As Shanna Little and her family watched their North Kamloops home burn on Saturday morning, there was a critical failure in the emergency response system that has been a lifeline across North America for the past 40 years.
Little and neighbours, frantically calling for help, were unable to get through to 911 dispatch — dispatchers at the operational communications centre in Kelowna — for a tense 10 minutes.
Authorities with the City of Kamloops, the RCMP, Telus and the regional district that oversees the service were investigating on Monday what went wrong. No conclusions were reached, but officials believe that the problem was an isolated technical one.
"Hopefully it's a one-off situation, a very unfortunate glitch in the system," said Mayor Peter Milobar. "I think we need to make sure it's approached, dealt with, investigated thoroughly and made sure it doesn't happen again."
Fire Chief Neill Moroz said emergency calls on the fire did get through eventually, but not directly to Firehall No. 1 as first reported.
"I don't know what happened, but there is nothing to indicate there is a problem with 911," Moroz said.
Moroz said a preliminary investigation shows that there was no system overload at the operational communication centre (OCC). At no time were all the lines occupied.
After the first calls failed to connect, a total of 19 calls about the house fire went through to 911. Four of those calls were dropped, meaning that the callers hung up before they were answered. Dispatchers must still phone callers back to ensure there is no emergency left unanswered.
The other 15 calls got through to OCC, which responded in four seconds. It took another 11 seconds to transfer the call to Firehall No. 1.
"We see no problem at OCC and at Firehall No. 1," Moroz said. "The last piece of the puzzle is Telus — their equipment or their lines — and that hasn't been answered yet."
Claudia Kuhrt, assistant manager of the 911 operations centre in Kelowna, said she was well aware of public concerns about the familiarity dispatch operators have with local streets and geography. Familiarity was not at issue in this case.
"This is isolated," she said.
"The call was put through to Kamloops fire dispatch," she said. "We oversee 911. The minute someone says "fire," it goes to fire dispatch," Kuhrt said, indicating that there was no delay at the Kelowna end.
Cary Berger, police services manager with Central Okanagan Regional District, which oversees regional 911 service, said the matter remains under investigation and would not elaborate.
"This is an unusual circumstance," Berger said.
"It's that circumstance we need to know about," said David Duckworth, City director of corporate services and public safety. Public confidence in the integrity of the system is critical, he agreed.
"At this point, what I do know is that we're doing our own investigation."
There is no question about Kamloops Fire and Rescue's response once notified of the blaze. They arrived at the fire in four minutes, four seconds, "under our professed response time," Moroz noted.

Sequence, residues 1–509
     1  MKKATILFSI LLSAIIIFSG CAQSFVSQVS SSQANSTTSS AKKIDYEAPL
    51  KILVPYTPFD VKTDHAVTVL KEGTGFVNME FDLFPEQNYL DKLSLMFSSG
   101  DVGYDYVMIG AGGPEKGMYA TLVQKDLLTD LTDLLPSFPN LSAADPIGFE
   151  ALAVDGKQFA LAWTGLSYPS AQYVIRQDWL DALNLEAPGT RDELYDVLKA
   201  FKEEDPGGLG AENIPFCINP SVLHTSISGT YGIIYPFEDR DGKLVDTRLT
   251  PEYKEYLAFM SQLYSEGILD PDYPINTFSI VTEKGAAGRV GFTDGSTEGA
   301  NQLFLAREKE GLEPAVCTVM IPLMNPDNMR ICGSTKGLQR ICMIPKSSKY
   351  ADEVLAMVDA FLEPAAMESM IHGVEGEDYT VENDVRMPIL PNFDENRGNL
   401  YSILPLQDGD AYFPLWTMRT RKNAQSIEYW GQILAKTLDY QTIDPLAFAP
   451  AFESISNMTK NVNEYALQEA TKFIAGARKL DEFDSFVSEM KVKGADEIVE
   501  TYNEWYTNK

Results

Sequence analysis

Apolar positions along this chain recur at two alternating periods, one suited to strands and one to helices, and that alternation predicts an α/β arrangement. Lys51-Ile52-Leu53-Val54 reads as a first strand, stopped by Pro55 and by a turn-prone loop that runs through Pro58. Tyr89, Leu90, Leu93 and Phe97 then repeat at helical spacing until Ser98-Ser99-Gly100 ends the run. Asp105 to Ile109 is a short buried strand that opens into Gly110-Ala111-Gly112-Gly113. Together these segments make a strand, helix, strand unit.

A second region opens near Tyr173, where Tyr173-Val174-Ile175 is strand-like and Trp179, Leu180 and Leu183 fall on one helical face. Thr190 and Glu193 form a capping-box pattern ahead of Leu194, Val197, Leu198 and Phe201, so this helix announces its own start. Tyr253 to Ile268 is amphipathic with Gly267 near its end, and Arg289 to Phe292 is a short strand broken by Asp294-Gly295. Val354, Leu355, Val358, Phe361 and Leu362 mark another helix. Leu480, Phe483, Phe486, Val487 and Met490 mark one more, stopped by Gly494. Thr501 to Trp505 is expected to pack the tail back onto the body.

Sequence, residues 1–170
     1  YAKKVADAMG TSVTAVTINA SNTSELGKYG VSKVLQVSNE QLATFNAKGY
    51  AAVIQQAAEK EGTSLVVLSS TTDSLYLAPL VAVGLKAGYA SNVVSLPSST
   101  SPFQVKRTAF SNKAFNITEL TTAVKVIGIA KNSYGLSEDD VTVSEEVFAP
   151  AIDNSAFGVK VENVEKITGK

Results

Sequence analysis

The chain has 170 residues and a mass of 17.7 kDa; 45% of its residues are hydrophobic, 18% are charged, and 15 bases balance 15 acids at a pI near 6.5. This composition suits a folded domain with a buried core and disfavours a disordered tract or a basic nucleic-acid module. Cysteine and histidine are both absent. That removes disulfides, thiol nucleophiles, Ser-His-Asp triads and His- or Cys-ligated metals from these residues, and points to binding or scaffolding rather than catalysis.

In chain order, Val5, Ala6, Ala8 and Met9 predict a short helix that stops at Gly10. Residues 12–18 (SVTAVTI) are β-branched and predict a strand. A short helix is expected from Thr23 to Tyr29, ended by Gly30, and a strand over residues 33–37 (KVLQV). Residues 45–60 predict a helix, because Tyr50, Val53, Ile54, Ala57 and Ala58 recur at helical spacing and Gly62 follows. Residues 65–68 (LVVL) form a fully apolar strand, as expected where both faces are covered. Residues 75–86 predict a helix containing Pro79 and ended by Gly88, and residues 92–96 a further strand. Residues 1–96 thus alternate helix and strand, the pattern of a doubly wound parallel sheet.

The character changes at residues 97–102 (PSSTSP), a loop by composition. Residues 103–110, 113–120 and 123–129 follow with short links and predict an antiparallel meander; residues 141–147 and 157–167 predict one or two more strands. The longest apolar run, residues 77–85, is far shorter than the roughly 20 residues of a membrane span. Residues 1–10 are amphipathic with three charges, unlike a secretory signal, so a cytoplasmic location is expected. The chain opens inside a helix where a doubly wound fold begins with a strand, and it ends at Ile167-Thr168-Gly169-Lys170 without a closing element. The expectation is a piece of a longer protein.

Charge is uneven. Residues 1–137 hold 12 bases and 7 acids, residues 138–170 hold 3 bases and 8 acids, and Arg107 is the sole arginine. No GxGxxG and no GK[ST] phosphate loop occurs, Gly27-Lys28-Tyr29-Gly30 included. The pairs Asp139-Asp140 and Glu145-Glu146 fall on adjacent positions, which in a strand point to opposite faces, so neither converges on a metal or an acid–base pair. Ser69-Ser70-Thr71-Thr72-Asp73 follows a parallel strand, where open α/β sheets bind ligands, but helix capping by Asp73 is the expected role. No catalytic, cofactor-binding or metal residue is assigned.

Moroz said he cannot speak to a more general concern of the Kelowna dispatchers' familiarity with local streets and place names.
"We have no issues, really," with the service, he said. "We can't know every single street, every single area in our emergency response region. It's just impossible," he added.
The operations centre in Kelowna provides service to 29 communities in the southeast district, which encompasses the southeast corner of the province. The service was centralized in Kelowna six years ago for cost-saving reasons in a move that raised concerns then about possible delays in response times.
Milobar said there were some initial issues, but he doesn't believe the geographical separation between caller and dispatch is at issue in this instance.
"Certainly in the last few years, we haven't had the issues we had when there was the changeover."
Coun. Marg Spina wasn't on city council when the dispatch service was closed here and centralized in Kelowna in 2004, but she does recall the questions that arose in Kamloops at the time.
"There were concerns about the response to crimes, the response to 911. This is a good example of when things do fall through the cracks. Fortunately they were able to save their own lives."
Spina is sure the issue will be on the table when City council meets this week.
"We are a growing city. Two-and-a-half hours away, is that reasonable? There may be times when centralization is not reasonable."
Technology is not infallible, a fact that should encourage people to keep handy local emergency numbers as backup in the event that 911 doesn't work, said Coun. Tina Lange.
"It must have felt terrible for those people," she said.
Lange recalled calling 911 when she used to manage the Plaza Heritage Hotel. A customer was causing problems at the beer and wine store and she needed police help at "the Plaza," she told the dispatcher.
"I'd forgotten I'd phoned Kelowna, and the Plaza, of course, that means nothing. But we could have a local service that would be no more helpful.
"Whether or not the service is in Kamloops or Kelowna, I really don't think it makes a difference," she said.
Little was reached on Monday at the Barnhartvale home of close friends, where she, her husband and six children are staying temporarily. She said the kids are doing well, though she feels overwhelmed.
Fire investigator Dan Funk and B.C. Safety Authority were still sifting through debris on Monday afternoon to determine the cause of the fire, but had not reached any conclusions.
"Electrical is looking like it's at the top of the list," Funk said.
Some of the electrical evidence has been sent to a Vancouver lab for testing, he added.